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Condensation on a window occurs when the surface of the window is cooler than the “dew point” temperature of air in contact with the window. Condensation is a result of a combination of surface temperature and moisture in the air.

Window condensation is usually a wintertime situation, when outside temperatures are very low. Condensation can also happen during the summer, when outside air is very humid and inside temperatures are kept relatively cool. Winter condensation occurs on the inside of windows, while summer condensation occurs on the outside of windows.

Summer condensation problems are mostly visual, whereas winter condensation problems can be destructive. Since outside window and building surfaces often get wet from rain, a little extra liquid water will not be detrimental. The condensation should disappear as outside air temperatures rise. Winter condensation though, can cause decay, mold and paint problems.

Several factors affect heat flow through a window and therefore the surface temperature of the glass, including inside and outside air speed across the glass, sun shine, sky temperature, inside and outside air temperature, and glazing types and treatments.

Energy efficient windows and other window treatments reduce the amount of heat moving through a window system. Double pane glass, low E coatings and inert gas fill help to reduce the flow of heat. This reduced heat flow results in cooler surfaces on the cold side of the window and warmer surfaces on the warm side of the window.

Winter Condensation

Winter condensation occurs when the inside surface of the window is cooler than the dew point temperature of the inside air. The dew point temperature is related to relative humidity. Condensation may occur under high relative humidity at only cool outside temperatures. As the outside temperature drops, the inside surface will also get cooler. Therefore condensation will form at lower relative humidity on cold days.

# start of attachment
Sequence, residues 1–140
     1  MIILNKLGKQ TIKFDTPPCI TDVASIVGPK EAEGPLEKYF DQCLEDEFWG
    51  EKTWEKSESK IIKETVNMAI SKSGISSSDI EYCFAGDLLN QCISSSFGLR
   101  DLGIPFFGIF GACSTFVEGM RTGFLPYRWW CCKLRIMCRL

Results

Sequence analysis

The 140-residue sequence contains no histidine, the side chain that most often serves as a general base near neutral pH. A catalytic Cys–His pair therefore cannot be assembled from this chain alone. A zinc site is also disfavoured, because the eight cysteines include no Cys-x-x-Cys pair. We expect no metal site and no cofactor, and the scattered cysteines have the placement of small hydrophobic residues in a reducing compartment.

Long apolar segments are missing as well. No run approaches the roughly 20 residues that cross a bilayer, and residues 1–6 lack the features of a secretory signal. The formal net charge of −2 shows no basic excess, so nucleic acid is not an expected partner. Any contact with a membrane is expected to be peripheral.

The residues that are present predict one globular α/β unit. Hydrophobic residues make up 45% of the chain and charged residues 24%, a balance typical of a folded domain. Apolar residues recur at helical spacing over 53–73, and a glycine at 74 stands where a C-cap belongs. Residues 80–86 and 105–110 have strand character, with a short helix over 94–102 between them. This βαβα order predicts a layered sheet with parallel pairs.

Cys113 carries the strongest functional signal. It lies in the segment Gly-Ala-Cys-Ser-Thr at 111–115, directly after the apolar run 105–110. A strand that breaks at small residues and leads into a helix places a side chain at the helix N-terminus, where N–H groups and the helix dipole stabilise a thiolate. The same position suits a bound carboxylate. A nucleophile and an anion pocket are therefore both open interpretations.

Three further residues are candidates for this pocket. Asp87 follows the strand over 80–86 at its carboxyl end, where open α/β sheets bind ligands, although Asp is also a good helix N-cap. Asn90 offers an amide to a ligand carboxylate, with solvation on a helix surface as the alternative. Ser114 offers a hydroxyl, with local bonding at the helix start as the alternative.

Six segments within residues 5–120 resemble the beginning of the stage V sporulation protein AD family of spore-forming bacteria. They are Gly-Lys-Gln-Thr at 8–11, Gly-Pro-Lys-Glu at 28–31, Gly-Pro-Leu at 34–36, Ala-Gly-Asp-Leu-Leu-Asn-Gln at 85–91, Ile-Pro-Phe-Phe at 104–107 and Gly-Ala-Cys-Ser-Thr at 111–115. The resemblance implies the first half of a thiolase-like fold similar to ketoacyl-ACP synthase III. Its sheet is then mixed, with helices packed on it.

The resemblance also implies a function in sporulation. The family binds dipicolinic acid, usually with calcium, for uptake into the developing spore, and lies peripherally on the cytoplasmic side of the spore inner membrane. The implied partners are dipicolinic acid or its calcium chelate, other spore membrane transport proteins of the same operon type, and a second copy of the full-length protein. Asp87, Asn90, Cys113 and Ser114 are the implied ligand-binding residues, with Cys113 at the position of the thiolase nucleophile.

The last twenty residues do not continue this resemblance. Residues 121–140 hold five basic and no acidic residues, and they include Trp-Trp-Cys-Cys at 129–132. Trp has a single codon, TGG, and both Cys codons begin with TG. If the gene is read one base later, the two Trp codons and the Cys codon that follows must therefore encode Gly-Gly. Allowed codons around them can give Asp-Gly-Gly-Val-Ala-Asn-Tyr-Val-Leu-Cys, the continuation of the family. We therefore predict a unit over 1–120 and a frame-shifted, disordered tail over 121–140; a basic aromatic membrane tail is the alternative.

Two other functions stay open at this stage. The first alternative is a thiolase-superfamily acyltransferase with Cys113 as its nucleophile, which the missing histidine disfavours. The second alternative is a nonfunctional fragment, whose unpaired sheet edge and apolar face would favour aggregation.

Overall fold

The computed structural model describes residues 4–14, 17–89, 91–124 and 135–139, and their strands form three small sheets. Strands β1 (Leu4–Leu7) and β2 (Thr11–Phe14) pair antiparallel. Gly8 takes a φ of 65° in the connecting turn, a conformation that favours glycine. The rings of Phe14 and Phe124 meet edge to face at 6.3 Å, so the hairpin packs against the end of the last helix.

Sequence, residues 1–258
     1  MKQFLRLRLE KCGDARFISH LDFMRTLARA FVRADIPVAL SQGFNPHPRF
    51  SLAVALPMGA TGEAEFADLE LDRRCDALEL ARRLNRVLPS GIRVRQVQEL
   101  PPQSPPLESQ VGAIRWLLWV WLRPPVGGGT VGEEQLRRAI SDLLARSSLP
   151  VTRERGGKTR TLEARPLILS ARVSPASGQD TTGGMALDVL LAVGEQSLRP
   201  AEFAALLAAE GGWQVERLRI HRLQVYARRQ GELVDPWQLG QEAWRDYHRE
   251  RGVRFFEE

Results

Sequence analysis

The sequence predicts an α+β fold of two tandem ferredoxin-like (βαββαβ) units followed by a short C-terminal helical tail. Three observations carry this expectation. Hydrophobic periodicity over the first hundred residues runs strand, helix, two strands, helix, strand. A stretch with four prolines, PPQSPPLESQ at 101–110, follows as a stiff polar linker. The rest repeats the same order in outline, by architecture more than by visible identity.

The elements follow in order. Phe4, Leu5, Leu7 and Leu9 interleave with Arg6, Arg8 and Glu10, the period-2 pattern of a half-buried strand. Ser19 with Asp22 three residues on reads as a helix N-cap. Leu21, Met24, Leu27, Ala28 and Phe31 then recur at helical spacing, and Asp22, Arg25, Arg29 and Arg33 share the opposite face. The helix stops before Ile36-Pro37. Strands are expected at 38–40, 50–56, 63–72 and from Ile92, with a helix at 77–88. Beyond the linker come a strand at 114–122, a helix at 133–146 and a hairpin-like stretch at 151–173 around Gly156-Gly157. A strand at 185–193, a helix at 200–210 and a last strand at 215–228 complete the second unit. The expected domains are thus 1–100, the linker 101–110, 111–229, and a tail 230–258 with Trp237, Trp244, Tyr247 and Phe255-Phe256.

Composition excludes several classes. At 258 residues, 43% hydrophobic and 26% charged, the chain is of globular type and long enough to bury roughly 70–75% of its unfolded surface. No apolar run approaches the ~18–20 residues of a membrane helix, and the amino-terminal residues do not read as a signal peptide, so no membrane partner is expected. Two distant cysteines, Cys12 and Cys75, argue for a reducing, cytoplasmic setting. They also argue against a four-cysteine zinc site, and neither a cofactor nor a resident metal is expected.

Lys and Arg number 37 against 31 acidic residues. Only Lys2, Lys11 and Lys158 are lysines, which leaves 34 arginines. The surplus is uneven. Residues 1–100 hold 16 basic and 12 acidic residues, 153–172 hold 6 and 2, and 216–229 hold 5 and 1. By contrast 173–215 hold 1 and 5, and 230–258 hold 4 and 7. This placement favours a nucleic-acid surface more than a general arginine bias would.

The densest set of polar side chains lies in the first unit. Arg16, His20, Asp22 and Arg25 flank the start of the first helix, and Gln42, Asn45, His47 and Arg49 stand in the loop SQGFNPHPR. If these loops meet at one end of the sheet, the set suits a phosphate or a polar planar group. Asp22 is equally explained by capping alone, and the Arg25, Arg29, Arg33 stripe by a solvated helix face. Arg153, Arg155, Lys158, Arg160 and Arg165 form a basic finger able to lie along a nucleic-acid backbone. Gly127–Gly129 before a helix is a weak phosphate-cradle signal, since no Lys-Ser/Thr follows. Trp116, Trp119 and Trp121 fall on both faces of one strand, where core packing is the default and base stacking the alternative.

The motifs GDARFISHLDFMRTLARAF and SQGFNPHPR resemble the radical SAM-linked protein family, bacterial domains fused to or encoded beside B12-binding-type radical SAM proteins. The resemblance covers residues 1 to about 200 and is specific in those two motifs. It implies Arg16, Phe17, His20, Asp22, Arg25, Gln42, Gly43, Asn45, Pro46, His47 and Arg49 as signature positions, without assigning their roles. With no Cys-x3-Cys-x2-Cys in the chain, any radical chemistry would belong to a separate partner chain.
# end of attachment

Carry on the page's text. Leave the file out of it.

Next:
The chart below shows when condensation will occur for several window types at various outside temperatures and inside relative humidity. This chart is based on an inside temperature of 70F. The chart shows that condensation occurs at colder outside air temperatures with energy efficient windows, indicating that the inside glass surfaces are warmer than less efficient windows.

To prevent winter condensation, either warm the window surface or dry the inside air. Options to warm the window surface include 1) opening drapes, 2) blowing air across the window surface, 3) replacing the window with a more efficient window, 4) adding storm windows, or 5) raising the temperature inside the building. To reduce the relative humidity in the room, control or eliminate moisture sources. People are sensitive to low relative humidity, so in extremely cold weather, the only option to prevent condensation may be to warm the window surface.

Window Condensation Potential Chart

The following chart indicates the conditions where windows may start to show condensation. Based on an outside temperature (and assuming the inside temperature is 70 degrees F), condensation could occur at any indoor relative humidity higher that that shown for that type window.